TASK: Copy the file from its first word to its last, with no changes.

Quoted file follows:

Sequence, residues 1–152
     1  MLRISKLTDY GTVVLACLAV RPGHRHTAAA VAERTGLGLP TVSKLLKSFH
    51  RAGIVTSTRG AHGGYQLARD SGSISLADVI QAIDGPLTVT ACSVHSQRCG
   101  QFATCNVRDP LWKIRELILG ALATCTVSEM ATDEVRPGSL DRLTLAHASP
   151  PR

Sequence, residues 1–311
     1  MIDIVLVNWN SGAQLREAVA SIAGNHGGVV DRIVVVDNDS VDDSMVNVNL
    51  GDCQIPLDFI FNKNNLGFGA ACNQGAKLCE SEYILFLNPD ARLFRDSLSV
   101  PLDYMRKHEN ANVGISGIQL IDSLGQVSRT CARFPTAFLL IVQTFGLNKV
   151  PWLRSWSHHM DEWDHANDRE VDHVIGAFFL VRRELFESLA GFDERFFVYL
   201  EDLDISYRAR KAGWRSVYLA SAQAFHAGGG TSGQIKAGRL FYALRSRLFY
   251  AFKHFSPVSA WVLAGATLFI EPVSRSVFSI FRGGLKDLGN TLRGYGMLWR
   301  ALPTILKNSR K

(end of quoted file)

Sequence, residues 1–152
     1  MLRISKLTDY GTVVLACLAV RPGHRHTAAA VAERTGLGLP TVSKLLKSFH
    51  RAGIVTSTRG AHGGYQLARD SGSISLADVI QAIDGPLTVT ACSVHSQRCG
   101  QFATCNVRDP LWKIRELILG ALATCTVSEM ATDEVRPGSL DRLTLAHASP
   151  PR

Sequence, residues 1–311
     1  MIDIVLVNWN SGAQLREAVA SIAGNHGGVV DRIVVVDNDS VDDSMVNVNL
    51  GDCQIPLDFI FNKNNLGFGA ACNQGAKLCE SEYILFLNPD ARLFRDSLSV
   101  PLDYMRKHEN ANVGISGIQL IDSLGQVSRT CARFPTAFLL IVQTFGLNKV
   151  PWLRSWSHHM DEWDHANDRE VDHVIGAFFL VRRELFESLA GFDERFFVYL
   201  EDLDISYRAR KAGWRSVYLA SAQAFHAGGG TSGQIKAGRL FYALRSRLFY
   251  AFKHFSPVSA WVLAGATLFI EPVSRSVFSI FRGGLKDLGN TLRGYGMLWR
   301  ALPTILKNSR K